Restaurant 168 is definitely a Taiwanese place. Avoid xiao long bau and other non-Taiwanese dishes. Go for stuff like salt crispy chicken with basil, turnip cakes, pot stickers, smoked chicken, three cup chicken, dan dan noodles, seaweed salad, stinky tofu, and single-serving “healthy” soups—they’re all fairly good, says OnceUponABite.

There is an excellent Chinese chestnut cart. Right now is peak season for these, so get them. They are tiny, hazelnut-size chestnuts, imported from China. They are good hot or cold, but you get more flavor nuances cold.

Pacific East Mall [East Bay]
3288 Pierce Street, Richmond

Board Links:
Richmond – Pacific East Mall–Tw Bestway Foods – Saving the best for last … Taiwanese preserved fruit, pork jerky, hot jelly drinks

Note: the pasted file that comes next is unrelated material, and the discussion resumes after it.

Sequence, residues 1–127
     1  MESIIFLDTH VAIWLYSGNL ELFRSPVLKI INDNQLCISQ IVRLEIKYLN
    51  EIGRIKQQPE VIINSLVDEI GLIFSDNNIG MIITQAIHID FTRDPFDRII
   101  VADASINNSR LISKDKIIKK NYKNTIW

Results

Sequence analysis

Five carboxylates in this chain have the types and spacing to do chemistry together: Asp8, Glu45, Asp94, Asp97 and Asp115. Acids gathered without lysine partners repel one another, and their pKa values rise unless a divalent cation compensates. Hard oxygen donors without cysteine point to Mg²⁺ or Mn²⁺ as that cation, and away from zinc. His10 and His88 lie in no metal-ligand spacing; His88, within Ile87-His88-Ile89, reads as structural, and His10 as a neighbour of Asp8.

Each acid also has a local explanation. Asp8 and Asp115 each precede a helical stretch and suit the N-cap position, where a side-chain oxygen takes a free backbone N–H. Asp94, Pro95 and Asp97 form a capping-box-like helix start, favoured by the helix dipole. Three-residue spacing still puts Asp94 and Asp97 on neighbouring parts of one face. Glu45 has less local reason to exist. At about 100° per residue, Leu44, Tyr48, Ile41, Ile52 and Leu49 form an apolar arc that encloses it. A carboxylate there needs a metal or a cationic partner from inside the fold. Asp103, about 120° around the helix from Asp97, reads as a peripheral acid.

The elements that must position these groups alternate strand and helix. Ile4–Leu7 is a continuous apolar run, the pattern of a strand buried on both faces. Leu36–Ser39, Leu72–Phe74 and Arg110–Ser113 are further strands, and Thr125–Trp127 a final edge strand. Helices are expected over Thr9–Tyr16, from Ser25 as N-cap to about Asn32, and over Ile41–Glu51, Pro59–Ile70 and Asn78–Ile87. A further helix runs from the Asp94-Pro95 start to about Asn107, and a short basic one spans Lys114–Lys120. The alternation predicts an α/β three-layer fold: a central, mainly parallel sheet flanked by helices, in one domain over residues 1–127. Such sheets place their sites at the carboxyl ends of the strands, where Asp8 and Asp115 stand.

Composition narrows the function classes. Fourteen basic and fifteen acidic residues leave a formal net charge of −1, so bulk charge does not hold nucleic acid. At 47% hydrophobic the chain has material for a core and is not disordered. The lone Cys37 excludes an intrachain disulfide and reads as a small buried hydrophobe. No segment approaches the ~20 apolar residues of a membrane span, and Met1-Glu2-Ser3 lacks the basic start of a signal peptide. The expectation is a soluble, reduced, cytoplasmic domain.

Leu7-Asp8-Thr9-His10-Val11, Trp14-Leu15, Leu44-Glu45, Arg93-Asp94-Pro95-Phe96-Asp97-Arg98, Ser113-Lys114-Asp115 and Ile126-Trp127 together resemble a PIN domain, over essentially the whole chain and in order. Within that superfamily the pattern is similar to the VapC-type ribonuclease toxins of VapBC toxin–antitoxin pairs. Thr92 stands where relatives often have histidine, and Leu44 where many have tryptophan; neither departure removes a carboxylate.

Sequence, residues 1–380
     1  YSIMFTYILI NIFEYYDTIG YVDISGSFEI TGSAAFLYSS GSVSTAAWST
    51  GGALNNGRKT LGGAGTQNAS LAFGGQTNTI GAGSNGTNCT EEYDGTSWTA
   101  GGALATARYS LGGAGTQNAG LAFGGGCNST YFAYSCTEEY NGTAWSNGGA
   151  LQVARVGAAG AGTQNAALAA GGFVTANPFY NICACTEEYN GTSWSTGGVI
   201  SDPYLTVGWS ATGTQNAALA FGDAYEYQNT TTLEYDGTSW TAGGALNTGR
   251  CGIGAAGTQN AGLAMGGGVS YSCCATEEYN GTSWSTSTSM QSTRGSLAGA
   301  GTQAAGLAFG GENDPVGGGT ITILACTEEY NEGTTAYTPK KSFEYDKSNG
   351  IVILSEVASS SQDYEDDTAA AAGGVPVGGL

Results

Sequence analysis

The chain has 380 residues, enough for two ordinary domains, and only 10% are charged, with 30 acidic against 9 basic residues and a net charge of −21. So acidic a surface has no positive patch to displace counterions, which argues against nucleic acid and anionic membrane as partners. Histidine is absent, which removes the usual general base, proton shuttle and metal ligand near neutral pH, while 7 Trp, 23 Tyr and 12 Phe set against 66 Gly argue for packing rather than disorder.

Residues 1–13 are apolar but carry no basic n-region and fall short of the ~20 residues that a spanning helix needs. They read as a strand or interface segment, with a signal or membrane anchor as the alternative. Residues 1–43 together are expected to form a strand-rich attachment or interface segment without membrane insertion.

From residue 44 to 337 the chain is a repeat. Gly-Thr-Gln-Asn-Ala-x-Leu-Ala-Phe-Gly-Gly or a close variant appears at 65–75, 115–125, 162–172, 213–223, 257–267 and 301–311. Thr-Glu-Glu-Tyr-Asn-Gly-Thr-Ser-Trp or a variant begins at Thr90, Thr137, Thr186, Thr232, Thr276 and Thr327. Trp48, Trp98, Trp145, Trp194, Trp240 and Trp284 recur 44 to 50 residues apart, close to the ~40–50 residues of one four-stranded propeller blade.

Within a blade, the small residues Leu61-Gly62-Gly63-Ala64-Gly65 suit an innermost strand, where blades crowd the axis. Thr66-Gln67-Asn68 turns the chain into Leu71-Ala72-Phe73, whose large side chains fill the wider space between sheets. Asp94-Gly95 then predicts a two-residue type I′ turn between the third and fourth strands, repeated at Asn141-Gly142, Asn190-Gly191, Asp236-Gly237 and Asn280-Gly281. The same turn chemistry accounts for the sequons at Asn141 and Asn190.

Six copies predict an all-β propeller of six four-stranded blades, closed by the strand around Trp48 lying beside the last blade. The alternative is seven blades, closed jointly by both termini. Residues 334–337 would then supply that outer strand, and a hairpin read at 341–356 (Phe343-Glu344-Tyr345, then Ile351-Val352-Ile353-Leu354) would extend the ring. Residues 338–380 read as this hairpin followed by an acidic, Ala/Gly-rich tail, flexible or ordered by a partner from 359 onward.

Richmond – Pacific East Mall–168 Restaurant, stinky tofu & Taiwanese buns
Richmond – Pacific East Mall–J & S Coffee & Tea House – Ham, pork ear & pork patty sandwich
Richmond–Pacific East Mall–Chinese chestnut cart

Fish Soup Burmese Style

Larkin Express Deli is Dave MP’s favorite new restaurant in San Francisco. Fish noodle soup is amazing: slightly spicy, and supertasty. The brown broth contains bits of ground fish, but it’s not overwhelmingly fishy. And it’s topped with crunchy fried lentils, fried garlic, and cilantro.

Chicken coconut soup is very different—creamy, ever so slightly spicy, and well-flavored. There is tender, dark chicken meat; there is deep, fresh chicken broth. There is balance between the poultry energy and the coconut chi. There is beauty. It comes with the same array of crunchy fried bits.

The owner is sweet, excited, and eager to explain all about Burmese cuisine. Prices are very, very reasonable.

Larkin Express Deli [Tenderloin]
452 Larkin Street, San Francisco

Board Links: Larkin Express Deli Lunch–Report
Burmese @ Larkin Express Deli